From Charm to Harm: The Guide to Spotting, Naming, and Stopping Emotional Abuse in Intimate Relationships

06/12/2015 3:57 PM | Michael Hammock (Administrator)

Author: Amy Lewis Bear (LPCA Member)
Publisher: Balboa Press, an imprint of Hay House, 2014
Purchase Price: $15.99 softcover

Book is available in hard copy and electronic formats on amazon.com and other online book retailers.

Page count: 215

Book Excerpts:


Introduction

Emotional abuse happens when one person uses psychological intimidation to gain control over another for personal gain. The aggressor uses both obvious and hidden tactics to manipulate the other’s feelings and behaviors. Abuse occurs when one person is vulnerable to another, such as in families, between friends and work colleagues, and in every other social and cultural environment where people have relationships. Emotional abuse crosses all boundaries of age, gender, race, culture, religion, socioeconomic status, and sexual orientation.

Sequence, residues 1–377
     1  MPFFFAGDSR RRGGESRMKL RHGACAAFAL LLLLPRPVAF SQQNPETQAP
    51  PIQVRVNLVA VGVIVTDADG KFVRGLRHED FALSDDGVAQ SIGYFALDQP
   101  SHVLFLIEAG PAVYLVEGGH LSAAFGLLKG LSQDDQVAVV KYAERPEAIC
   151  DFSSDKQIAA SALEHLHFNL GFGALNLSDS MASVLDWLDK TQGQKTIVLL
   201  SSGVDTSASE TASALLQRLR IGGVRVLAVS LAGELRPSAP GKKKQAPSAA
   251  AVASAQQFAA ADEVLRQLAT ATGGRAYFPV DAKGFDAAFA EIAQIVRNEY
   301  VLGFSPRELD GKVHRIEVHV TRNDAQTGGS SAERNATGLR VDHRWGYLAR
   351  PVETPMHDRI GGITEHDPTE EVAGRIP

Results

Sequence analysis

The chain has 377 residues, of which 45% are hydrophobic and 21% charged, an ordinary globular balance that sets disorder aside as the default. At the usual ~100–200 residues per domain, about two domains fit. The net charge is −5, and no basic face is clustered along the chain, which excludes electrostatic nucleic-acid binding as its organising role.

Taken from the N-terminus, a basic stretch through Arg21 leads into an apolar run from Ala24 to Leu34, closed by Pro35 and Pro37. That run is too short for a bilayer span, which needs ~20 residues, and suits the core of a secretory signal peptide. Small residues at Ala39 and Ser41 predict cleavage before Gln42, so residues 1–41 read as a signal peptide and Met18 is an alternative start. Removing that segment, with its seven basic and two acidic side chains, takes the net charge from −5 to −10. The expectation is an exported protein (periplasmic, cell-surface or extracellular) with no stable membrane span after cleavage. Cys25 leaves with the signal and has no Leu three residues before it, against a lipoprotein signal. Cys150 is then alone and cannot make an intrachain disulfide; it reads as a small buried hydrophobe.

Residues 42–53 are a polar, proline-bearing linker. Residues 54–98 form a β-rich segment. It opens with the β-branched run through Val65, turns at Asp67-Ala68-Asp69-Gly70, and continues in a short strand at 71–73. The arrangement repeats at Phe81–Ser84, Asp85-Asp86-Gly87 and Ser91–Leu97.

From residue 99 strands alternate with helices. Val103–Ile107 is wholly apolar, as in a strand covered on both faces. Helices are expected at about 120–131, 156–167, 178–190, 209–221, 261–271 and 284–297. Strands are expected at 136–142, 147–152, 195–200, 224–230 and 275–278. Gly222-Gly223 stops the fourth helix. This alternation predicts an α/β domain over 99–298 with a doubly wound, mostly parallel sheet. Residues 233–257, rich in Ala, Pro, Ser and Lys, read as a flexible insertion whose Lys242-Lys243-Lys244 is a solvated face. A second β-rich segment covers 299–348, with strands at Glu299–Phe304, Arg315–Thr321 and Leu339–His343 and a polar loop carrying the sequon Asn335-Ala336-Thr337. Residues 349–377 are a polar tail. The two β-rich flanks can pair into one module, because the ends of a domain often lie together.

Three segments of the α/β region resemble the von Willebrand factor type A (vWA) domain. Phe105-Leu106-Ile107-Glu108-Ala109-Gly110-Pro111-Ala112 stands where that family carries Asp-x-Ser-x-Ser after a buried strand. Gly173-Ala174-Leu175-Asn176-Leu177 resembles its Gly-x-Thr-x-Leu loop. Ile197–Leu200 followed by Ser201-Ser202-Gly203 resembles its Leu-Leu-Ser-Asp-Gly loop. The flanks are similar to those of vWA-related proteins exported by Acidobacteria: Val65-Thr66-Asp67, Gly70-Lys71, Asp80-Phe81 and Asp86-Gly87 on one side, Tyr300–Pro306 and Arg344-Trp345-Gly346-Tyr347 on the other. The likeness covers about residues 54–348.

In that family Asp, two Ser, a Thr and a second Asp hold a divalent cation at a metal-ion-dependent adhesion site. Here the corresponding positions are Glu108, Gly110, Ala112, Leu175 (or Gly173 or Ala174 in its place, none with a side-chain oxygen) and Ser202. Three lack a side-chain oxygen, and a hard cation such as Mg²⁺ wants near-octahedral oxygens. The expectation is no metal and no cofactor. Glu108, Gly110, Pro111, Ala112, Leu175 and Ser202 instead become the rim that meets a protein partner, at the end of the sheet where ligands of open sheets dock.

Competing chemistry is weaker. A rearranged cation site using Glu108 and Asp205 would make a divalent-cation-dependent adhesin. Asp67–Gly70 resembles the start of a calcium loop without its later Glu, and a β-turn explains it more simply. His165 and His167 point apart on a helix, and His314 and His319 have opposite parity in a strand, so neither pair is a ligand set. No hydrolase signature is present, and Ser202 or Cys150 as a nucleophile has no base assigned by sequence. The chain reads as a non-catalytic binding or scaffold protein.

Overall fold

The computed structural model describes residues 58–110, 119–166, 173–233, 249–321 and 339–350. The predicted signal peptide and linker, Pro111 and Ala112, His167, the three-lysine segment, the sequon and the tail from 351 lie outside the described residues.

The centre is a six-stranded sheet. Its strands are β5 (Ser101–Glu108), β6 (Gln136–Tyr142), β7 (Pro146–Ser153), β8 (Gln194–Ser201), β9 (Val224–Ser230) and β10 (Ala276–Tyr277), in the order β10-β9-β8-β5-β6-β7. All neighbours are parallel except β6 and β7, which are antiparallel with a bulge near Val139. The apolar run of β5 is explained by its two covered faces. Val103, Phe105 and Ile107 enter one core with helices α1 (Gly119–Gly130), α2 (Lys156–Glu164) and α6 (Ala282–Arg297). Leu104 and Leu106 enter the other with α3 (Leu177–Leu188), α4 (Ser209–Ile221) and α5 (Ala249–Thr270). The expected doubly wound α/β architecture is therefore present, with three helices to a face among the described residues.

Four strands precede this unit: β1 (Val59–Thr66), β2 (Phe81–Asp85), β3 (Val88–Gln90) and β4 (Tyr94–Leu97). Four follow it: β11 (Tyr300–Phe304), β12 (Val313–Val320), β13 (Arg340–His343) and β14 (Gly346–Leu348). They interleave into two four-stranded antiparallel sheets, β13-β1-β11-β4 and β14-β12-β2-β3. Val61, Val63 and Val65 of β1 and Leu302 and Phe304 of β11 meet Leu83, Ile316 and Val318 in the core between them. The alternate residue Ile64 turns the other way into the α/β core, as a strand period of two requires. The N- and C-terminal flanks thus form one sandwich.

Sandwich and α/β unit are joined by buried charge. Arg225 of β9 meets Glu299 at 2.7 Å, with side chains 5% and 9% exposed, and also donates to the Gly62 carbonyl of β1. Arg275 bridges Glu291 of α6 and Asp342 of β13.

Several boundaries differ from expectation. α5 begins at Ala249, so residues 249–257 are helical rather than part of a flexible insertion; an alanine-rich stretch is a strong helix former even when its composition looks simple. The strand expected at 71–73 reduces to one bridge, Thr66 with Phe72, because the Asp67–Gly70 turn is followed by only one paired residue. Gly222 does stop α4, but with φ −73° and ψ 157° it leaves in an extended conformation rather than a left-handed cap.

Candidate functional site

Everyone knows that ugly, offensive words and harsh voices are verbally abusive. In intimate relationships, however, the hallmark of emotional abuse is systematic deception. Abusers deliver their punches under the cover of words and actions that disguise the abuser’s true intention, which is to degrade the other’s self-esteem and take control. People on the receiving end of the abuse don’t easily see the abuser’s campaign of degradation against them. Confused and unaware, they attribute the discord to the aggressor’s personality traits or their own inadequacies. They respond with an endless quest to appease the dominant one and get back into his or her good graces, which contributes to the abuse. Victims disregard themselves and risk the loss of their emotional health and well-being.